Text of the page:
It’s finally here!! I received the acceptance email for this poem 14 months ago. Yes, 14 months…over a year. And it’s just a little thing but I’ve always loved and been proud of this piece.
Thank you to Bete Noire Magazine for including me in this issue!
It’s September 10th, which means it’s World Suicide Prevention Day. TWLOHA’s slogan this year being Find What You Were Made For.
I really struggled with this. I’ve been in a bit of a low period lately, so it’s all too easy to shut out the positive. Once I realized that that’s what I was doing I found that the answers were actually pretty simple.
I Was Made For my art. I was made for my music and my writing; for my creativity.
I Was Made For these amazing people I get to call friends who understand and are there for me, and in return be there for them. To give them back the love and hope they’ve given me.
I Was Made For the chance to be a voice in this world. A voice to raise awareness. To fight the stigma of mental health. To fight for equality.
I Was Made For being more than my depression and anxieties. More than my BPD. My disorders do not define me.
I Was Made For something I haven’t figured out yet. But I have to believe I will.
I Was Made For this. Here. Today. Tomorrow.
Stay. Find what you were made for.
“Amazing, still it seems, I’ll be 23.
I won’t always love what I’ll never have.
I won’t always live in my regrets.”
23 – Jimmy Eat World
It’s my last day of 22. Half of it I spent sleeping, wanting to experience as little of the day as possible. I’ll do the same tomorrow. But I’m tired of it – of not living.
This song, by a band very important to me that I grew up with, has been on my mind lately. For obvious reasons. It’s called 23 and tomorrow that’s how old I’ll be. I want this song to motivate me. I want it to be a part of what gets me to really start living.
Because I have more bad days than good. And some days I can’t even get out of bed. Normal, every-day activities wear me out and I’m tired of wishing my life would just change magically. I know I have to do something about it. It has to be me. I can’t sit around waiting for someone to save me from my loneliness.
And I have been slowly making changes. Slowly but surely. DBT was a huge step for me. I’m writing a book. I’m submitting my writings to different magazines and sites – I’m no longer living stagnant.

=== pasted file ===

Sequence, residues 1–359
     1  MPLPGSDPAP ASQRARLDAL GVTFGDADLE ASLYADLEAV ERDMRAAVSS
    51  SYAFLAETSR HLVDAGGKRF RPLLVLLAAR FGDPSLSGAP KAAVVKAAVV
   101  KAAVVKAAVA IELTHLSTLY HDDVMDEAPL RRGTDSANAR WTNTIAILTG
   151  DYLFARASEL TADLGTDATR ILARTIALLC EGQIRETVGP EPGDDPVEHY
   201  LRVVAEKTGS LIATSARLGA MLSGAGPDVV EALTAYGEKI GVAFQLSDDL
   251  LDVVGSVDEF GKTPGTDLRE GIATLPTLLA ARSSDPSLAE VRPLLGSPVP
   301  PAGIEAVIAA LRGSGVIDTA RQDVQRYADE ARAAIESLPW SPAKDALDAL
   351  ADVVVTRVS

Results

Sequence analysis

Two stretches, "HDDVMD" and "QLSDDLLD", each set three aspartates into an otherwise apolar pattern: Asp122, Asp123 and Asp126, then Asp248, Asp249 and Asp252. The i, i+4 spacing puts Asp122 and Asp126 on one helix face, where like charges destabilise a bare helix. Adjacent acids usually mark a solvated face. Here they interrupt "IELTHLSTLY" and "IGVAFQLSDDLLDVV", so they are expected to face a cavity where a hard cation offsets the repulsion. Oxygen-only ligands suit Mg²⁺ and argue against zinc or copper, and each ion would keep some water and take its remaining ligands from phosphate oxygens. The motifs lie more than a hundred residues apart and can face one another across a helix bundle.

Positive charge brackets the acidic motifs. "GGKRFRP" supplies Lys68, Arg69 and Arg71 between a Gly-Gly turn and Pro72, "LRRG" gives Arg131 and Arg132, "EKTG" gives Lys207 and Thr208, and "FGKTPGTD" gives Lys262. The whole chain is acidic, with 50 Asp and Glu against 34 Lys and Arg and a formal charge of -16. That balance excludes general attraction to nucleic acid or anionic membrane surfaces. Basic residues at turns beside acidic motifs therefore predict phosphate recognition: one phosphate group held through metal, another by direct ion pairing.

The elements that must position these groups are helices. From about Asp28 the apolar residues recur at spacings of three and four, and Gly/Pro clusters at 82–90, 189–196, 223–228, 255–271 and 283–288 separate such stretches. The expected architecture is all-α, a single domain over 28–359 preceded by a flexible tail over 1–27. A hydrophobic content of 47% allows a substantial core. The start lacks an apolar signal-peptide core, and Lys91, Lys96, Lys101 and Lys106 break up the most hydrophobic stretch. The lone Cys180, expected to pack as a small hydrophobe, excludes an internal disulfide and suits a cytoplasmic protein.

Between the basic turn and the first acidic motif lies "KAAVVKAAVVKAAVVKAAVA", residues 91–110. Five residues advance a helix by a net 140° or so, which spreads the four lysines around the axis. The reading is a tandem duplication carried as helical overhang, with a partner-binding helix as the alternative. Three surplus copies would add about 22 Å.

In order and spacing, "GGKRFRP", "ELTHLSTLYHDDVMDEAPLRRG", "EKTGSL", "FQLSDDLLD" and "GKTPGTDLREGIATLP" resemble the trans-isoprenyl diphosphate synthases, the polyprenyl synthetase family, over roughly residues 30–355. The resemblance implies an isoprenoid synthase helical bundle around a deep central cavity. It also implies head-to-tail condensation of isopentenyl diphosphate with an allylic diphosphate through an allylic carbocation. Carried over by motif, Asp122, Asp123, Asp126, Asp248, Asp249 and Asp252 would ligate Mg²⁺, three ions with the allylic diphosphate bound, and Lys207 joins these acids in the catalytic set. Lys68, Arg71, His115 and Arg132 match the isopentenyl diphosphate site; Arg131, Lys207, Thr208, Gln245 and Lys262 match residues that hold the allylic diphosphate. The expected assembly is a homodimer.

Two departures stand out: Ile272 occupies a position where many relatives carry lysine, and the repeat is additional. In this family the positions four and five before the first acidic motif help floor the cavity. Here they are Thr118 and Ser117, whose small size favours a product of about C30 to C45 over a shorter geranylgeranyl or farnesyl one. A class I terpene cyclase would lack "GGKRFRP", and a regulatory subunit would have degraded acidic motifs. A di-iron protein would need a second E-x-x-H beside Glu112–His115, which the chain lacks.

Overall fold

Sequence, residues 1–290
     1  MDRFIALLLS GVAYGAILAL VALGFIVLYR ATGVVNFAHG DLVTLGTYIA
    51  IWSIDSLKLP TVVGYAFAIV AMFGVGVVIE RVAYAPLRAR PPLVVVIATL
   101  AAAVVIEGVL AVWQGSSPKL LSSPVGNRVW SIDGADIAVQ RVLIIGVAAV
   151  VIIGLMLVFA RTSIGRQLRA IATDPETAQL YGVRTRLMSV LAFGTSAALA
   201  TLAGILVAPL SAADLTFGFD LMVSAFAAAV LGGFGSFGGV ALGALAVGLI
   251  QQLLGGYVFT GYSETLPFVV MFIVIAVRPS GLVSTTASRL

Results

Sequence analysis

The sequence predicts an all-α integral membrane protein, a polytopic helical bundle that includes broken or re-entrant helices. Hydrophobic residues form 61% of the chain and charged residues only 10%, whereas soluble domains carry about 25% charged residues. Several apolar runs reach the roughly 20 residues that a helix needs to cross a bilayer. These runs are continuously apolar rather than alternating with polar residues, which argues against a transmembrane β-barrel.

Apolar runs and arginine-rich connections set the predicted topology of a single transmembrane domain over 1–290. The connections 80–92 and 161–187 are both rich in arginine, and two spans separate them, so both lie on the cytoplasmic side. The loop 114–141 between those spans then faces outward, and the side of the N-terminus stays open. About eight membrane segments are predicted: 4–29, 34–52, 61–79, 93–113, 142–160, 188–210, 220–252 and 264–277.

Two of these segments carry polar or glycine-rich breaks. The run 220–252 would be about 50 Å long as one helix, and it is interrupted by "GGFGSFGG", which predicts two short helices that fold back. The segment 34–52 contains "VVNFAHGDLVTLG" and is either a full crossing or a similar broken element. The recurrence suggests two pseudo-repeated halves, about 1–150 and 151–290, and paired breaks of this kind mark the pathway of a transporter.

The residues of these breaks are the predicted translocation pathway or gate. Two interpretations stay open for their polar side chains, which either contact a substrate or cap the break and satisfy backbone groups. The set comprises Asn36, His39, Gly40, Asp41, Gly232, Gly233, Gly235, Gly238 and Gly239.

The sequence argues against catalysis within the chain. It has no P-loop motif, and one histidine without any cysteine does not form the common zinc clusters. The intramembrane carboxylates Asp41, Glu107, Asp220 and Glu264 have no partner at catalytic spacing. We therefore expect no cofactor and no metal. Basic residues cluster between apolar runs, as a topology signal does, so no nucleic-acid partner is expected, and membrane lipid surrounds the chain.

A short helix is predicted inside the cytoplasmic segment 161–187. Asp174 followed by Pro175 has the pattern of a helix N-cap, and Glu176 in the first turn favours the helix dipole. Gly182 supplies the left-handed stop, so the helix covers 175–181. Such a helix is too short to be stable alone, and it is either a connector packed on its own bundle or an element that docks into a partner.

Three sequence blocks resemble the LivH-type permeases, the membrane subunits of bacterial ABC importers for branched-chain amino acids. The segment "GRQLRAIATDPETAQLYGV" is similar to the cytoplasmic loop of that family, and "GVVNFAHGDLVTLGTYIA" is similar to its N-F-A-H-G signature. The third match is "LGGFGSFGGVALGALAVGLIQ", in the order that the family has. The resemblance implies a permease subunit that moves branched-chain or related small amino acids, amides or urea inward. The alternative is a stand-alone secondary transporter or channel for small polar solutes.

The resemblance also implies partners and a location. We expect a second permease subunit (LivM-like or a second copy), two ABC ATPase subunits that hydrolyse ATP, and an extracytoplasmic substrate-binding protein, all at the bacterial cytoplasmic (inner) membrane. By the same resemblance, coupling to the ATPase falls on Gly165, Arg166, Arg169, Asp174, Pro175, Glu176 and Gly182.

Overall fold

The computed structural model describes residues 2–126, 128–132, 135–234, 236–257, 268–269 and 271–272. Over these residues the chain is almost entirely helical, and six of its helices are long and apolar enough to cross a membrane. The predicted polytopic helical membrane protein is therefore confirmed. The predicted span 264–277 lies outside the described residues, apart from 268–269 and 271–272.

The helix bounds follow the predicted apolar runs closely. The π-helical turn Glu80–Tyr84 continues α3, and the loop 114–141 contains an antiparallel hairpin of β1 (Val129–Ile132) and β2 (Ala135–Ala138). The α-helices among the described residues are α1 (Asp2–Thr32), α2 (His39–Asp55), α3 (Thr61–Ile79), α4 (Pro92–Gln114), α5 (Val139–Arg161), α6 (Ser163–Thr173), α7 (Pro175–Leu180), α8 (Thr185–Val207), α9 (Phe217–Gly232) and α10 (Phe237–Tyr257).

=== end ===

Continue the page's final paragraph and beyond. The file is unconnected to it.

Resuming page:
I’m in need of a friend – of people – who understand. Where I’ve been, where I need to go. Because I can’t do this alone.
I’m trapped. All of my failures have caught up to me and I am stuck.
My day-to-day is full of nothing and I can’t break the routine.
Society would call me either lazy or a loner or shy, but the truth is I’m being held against my will by my own mind and body.
I want out. I want to wake up each morning with a smile and have a good day.
I want to live. I want to travel and meet people, create memories and experiences I’ll hold dear for the rest of my life.
I want adventure. Excitement.
But I also want stability. Comfort. Home.
I want meaning. I want to change my life and change someone else’s. I want to take risks and not be so afraid of failing. I already regret so much.
All of these wants I’m not sure I’ll ever have…I’m still finding the courage, and I’m afraid that bravery doesn’t come naturally to me.
From my art journal – “I Feel So” by Box Car Racer, always there for me in my angsty moments.
I took this photo of my medications at the time when I’d been first diagnosed with Borderline Personality Disorder.
To say this diagnosis changed my life would be an understatement. I have others, but this one is different. Bigger.
Sometimes, when I think about what all comes with living with BPD, I get so overwhelmed at how hopeless it all seems, that recovery was never a road meant for me. But more often than not, I know that’s just the disorder talking. And they all do it – my disorders, of which I’ll delve into one post at a time.
For now, I’ll give you the gist:
Besides BPD, I have been living with severe depression and anxiety for over half of my life, and as a result I turned to self-harming when I was 12 years old. ADHD diagnosis in 2014, PTSD diagnosis at the beginning of 2016.
I need my life to change. I’m ready for it. I can’t let any of these disorders control me anymore. One way I’m changing is through my writing. I’ve been writing all my life and back in December 2015, I decided to really do (or try, rather) something with my talent. I’m writing a book about my mental health journey in the Prose and Poetry genre, and being mentored by one of my favourite authors. As much as it is for me since it’s my story, I want to help others like my mentor has helped me. Give others hope, prove they are not alone no matter how dark or distant they feel.
I hope to connect to others struggling or who can relate. Please feel free to comment or contact me. Because I know I can’t do this alone – no one can.